Cobb County police are crediting a license plate reader program and the due diligence of its officers to a sharp reduction in crime near Six Flags Over Georgia.
Flock Safety installed 13 license plate readers near the amusement park in March as part of a trial run around the Riverside Parkway corridor. Over the next six months, Cobb police reported a 60% reduction in overall crime in the police precinct that included the cameras.
Cobb County Deputy Police Chief Stuart VanHoozer said he was initially skeptical about the reduction. He asked the department’s statisticians to run the numbers again, but the figures came back the same. VanHoozer said the department is “cautiously optimistic,” that the reduction will stick, adding credit is due to the Flock system as well as the officers who serve the community.
The Six Flags area, located in Austell in south Cobb, falls into a police precinct that has the highest crime rates in the county, the deputy chief said. The area has a high level of property crime, including car break-ins, thefts and residential burglaries.
The solar-powered Flock cameras are installed on utility poles and scan vehicle license plates as cars pass them. Officers are notified when the system detects a license plate from a vehicle reported as stolen or if the plate itself has been stolen.
Cobb police say the system has allowed cops and investigators to “react in real time to crimes in progress,” and immediately arrest suspects, recover stolen cars and items and obtain evidence of other crimes committed in the area.
Over the past five years in the zone that includes Six Flags, Cobb police averaged 147 thefts from vehicles between March and August each year. In 2018 there was a slight dip with 138 car break-ins reported during that period.
According to figures provided by Flock and Cobb police, the same time period for this year saw 50 car break-ins, a 64% reduction. Robberies also dropped from 23 to 11 (a 52% reduction) residential burglaries from 34 to 27 (21% reduction), commercial burglaries from 27 to 10 (63% reduction), thefts from 160 to 150 (6% reduction) and vehicle thefts from 52 to 45 (13% reduction).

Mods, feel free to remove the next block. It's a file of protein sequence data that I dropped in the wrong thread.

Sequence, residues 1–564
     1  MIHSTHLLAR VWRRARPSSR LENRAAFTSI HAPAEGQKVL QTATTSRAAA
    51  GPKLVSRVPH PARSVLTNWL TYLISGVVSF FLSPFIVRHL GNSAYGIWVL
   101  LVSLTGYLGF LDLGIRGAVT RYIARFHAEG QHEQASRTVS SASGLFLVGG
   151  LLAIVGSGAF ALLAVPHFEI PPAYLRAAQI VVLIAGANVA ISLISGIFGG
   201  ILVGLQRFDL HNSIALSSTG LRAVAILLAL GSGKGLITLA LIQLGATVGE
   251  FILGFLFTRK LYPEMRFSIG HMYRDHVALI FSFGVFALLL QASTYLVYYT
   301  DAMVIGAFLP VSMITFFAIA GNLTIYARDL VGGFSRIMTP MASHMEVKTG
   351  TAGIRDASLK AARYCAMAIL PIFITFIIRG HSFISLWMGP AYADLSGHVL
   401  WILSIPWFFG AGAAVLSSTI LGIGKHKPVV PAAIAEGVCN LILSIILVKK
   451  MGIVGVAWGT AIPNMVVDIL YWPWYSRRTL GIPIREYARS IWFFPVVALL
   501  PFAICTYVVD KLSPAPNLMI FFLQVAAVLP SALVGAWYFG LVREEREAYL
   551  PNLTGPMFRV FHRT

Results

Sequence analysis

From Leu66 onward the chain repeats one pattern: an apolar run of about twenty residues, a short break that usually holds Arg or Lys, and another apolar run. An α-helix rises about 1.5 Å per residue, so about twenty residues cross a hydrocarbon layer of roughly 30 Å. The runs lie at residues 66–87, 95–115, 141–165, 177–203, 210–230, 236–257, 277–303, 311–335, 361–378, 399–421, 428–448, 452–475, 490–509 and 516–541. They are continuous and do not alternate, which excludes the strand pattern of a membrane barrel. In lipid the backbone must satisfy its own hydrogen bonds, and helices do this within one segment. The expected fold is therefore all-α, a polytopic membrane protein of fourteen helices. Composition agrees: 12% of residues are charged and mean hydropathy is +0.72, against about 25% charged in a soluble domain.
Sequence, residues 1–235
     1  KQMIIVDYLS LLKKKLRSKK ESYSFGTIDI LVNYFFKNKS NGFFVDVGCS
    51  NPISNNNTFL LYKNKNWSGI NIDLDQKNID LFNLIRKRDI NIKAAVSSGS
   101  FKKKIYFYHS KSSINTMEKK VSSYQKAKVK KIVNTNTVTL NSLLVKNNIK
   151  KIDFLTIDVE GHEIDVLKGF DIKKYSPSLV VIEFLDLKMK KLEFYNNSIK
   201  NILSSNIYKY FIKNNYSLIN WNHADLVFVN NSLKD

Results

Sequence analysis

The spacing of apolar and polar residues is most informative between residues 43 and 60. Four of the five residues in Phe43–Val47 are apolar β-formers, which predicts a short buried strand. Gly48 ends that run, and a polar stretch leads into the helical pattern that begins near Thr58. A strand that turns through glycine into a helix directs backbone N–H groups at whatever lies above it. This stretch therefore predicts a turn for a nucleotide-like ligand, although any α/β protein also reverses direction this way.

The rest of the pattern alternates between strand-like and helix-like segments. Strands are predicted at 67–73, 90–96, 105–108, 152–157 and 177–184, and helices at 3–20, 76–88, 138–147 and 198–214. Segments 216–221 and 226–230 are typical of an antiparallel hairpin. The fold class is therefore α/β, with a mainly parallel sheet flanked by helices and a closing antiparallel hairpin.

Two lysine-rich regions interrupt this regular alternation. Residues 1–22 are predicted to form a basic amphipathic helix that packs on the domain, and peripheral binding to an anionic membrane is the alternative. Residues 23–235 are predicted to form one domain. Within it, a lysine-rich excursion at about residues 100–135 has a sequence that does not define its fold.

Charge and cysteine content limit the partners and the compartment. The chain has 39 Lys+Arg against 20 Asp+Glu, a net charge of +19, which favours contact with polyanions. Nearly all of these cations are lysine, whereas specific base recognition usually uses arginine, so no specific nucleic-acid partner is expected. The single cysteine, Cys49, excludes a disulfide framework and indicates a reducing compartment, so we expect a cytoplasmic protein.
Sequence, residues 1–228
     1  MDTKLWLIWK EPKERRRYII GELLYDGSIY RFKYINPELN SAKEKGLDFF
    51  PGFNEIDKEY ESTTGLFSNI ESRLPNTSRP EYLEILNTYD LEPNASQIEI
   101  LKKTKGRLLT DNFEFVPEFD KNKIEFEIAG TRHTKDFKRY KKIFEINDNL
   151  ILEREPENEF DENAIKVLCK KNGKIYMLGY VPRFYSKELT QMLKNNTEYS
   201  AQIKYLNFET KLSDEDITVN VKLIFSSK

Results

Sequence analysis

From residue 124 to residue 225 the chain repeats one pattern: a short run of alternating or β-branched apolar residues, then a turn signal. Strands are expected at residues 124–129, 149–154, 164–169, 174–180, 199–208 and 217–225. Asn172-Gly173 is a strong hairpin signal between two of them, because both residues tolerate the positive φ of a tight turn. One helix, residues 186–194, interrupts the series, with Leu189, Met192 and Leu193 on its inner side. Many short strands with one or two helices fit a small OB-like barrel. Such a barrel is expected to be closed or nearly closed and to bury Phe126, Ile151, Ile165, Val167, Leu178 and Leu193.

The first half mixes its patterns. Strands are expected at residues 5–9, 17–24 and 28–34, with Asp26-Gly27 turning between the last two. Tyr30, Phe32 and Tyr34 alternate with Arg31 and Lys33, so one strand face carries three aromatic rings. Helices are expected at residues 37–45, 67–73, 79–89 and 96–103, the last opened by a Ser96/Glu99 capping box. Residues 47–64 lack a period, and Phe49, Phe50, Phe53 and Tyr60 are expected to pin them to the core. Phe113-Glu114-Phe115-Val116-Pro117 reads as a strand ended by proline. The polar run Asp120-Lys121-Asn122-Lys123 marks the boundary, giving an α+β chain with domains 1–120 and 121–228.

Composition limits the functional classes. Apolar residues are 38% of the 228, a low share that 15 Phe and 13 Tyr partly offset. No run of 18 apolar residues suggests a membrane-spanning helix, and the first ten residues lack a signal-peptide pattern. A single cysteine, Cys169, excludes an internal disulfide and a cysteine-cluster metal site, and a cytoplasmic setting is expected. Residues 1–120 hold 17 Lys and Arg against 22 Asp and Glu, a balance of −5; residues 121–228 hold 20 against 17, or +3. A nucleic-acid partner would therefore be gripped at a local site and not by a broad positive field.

“I think the technology is great and these young people who put this together should be commended, but it doesn’t work without officers who are still willing to get out there and risk their lives,” VanHoozer said.
Property crimes in the area have been traced to other, more serious crimes, VanHoozer said. For example, many of the property crimes were committed by individuals hoping to get weapons. After those weapons were stolen, VanHoozer said officers patrolling those beats would get reports of armed robberies in the same areas.
“We knew they were dipping in both types of crime,” he said of perpetrators.
Cobb police also recently purchased more of the readers to be deployed in an area in West Cobb where the agency has also seen a spike in property crimes. County commissioners in October approved a contract with Flock to install 26 license plate readers at 13 county parks.